A monitoring report for Camden Council states that motor traffic levels are down across the West End Project area when compared to 2017, despite some important baseline traffic data being missing.
Consultants AECOM were commissioned by Camden to assess the impact of the West End Project against baseline conditions and project objectives. The report, which was presented to Camden officers this summer, acknowledges that the Covid pandemic has made the process challenging.
The West End Project was approved by Camden’s cabinet of councillors in 2015. The £35million scheme aims to reduce motor traffic and pollution, improve road safety, make the area better for walking, cycling and people using buses, as well as create new public spaces for the benefit of residents, businesses and visitors.
The main traffic management elements of the project — two-way working and restricted access on Tottenham Court Road, and a reduction in the number of motor traffic lanes — were mostly completed by February 2021.
The report looked at motor vehicle flows, cycling and pedestrian flows, as well as the number of taxis, and bus journey times in the Tottenham Court Road area. It also reviewed other changes to the public realm in the WEP area.
High levels of contraventions of the traffic restrictions on Tottenham Court Road were observed early on. As a result work to install Automatic Number Plate Recognition (ANPR) Cameras started in May.
However, traffic flow data found that on Tottenham Court Road traffic volumes decreased during the hours of traffic restrictions as well as during unrestricted hours, compared to before the scheme was implemented.
On Gower Street and Bloomsbury Street traffic volumes also decreased during the hours of traffic restrictions on Tottenham Court Road, as well as during unrestricted hours.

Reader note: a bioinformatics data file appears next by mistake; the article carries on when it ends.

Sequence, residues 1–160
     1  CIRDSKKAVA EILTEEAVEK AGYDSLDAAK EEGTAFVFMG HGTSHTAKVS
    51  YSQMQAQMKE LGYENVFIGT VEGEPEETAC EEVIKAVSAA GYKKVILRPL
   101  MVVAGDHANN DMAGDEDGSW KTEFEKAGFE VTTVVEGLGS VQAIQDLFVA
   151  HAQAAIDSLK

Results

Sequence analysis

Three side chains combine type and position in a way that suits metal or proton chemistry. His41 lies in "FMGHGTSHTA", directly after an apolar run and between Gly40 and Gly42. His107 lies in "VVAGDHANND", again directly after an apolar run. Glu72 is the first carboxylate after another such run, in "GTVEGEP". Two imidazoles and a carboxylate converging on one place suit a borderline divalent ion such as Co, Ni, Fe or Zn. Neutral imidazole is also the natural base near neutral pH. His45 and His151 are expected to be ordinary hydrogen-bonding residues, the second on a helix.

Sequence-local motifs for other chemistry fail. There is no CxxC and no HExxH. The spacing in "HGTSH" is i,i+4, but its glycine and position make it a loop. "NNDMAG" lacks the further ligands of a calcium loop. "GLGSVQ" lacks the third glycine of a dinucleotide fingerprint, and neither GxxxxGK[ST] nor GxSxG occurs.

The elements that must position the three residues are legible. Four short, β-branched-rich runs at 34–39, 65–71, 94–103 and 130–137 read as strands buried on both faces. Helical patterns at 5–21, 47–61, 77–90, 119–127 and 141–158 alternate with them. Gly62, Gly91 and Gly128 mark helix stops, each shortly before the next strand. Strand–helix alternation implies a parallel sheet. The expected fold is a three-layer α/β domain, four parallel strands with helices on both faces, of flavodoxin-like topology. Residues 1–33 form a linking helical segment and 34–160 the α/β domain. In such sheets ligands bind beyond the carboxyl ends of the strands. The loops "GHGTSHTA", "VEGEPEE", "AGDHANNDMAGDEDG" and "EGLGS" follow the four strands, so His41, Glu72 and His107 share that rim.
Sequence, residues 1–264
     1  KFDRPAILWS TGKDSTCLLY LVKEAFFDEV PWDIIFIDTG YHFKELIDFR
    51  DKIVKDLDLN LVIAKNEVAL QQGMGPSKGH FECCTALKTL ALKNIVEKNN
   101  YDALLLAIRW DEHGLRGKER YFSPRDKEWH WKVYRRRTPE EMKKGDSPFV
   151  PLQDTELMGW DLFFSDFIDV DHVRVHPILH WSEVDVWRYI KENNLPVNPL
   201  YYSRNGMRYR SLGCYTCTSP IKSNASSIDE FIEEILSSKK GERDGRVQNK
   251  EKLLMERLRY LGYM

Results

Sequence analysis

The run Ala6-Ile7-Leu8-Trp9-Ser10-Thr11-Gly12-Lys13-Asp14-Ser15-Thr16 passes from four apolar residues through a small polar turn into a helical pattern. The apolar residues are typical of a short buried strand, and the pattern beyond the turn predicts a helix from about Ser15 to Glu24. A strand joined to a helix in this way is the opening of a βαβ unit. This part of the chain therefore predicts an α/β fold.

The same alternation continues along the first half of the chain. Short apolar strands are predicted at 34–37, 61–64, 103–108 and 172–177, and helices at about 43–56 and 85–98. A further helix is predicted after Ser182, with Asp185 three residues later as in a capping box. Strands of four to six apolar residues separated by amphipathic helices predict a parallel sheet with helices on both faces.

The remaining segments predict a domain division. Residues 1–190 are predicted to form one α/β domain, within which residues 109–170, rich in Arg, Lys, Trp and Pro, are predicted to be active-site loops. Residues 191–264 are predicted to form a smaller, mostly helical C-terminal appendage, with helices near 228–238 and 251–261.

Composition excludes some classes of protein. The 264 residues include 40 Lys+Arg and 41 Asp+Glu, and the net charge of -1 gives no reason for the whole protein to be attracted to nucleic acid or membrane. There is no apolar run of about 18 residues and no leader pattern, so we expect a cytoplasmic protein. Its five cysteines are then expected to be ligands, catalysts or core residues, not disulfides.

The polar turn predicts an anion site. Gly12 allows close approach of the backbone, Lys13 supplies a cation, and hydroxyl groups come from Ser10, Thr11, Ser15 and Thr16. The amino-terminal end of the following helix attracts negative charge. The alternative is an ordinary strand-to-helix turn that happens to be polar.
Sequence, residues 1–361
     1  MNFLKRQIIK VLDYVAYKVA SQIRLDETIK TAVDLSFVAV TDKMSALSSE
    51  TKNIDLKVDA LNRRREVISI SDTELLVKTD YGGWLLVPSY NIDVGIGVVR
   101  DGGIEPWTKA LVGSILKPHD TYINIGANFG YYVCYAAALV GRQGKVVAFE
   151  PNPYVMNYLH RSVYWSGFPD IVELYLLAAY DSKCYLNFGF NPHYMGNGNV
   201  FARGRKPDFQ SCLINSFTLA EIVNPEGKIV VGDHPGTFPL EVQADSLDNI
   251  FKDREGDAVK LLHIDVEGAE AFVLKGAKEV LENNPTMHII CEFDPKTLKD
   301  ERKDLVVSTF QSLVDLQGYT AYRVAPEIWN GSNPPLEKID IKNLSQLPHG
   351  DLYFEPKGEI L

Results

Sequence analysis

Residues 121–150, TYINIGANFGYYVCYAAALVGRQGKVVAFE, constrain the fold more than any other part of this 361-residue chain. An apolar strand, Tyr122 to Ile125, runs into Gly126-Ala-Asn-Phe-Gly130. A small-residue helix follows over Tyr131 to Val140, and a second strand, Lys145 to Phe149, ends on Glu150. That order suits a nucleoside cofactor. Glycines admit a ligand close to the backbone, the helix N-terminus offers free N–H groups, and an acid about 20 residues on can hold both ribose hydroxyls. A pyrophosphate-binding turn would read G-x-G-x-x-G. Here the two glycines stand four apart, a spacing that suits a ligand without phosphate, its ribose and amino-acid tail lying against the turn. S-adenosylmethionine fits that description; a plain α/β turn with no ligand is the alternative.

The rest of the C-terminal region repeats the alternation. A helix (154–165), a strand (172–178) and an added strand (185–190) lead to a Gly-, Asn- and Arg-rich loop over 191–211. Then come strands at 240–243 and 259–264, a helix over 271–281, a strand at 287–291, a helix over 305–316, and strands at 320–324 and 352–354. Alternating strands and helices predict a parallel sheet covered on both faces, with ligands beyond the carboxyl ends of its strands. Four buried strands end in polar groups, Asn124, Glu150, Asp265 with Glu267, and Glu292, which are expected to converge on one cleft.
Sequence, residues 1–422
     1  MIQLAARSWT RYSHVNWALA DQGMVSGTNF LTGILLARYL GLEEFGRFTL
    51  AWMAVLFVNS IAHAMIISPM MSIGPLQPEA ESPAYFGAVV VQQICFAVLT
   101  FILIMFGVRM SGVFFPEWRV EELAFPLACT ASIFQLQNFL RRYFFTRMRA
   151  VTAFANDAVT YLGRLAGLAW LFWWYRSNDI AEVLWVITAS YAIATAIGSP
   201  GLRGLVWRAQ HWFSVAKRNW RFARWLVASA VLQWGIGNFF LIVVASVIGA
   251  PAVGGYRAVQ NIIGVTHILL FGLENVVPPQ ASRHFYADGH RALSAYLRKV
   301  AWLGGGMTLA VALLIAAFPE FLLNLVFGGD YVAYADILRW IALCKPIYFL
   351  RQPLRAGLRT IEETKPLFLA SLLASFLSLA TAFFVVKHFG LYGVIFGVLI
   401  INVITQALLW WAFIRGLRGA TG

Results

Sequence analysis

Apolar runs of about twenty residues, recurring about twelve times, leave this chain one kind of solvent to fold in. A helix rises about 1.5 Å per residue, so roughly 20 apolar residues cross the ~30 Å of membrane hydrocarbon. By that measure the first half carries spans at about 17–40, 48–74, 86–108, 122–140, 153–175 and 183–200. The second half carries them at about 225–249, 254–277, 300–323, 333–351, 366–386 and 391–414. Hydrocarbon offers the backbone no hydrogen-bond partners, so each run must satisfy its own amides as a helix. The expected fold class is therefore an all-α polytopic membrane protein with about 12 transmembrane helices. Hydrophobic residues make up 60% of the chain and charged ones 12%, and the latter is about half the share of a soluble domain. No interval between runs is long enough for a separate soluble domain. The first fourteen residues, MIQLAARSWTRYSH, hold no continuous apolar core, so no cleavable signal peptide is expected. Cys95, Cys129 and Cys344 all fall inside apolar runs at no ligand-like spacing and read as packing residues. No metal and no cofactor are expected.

“In the wider WEP area: 24-hour weekday traffic volumes have decreased at the majority of sites (9 out of 11) where baseline (2017) data was available,” states the report.
“Only two locations have seen an increase in traffic (Grafton Way and New Oxford Street), however both of these increases can be attributed to temporary restrictions/diversions and works at both locations during the 2022 survey period. This data outperforms the expected modelling impacts of the West End Project,” states the report.
However, data for Maple Street and other streets in the wider WEP area does not show before and after traffic levels. Residents report to Fitzrovia News that motor traffic is worse in Maple Street and increased motor vehicles are passing along Percy Street, Store Street and Totteham Street.
One resident described the situation as “the opposite of a low traffic neighbourhood” — where the commercial interests along main streets like Tottenham Court Road benefit at the expense of the smaller residential streets.
Due to the impact of Covid, improvements for pedestrians have been difficult to measure states the report. However, the “scheme may have had a positive impact in retaining a greater proportion of pedestrians than might have otherwise been expected”.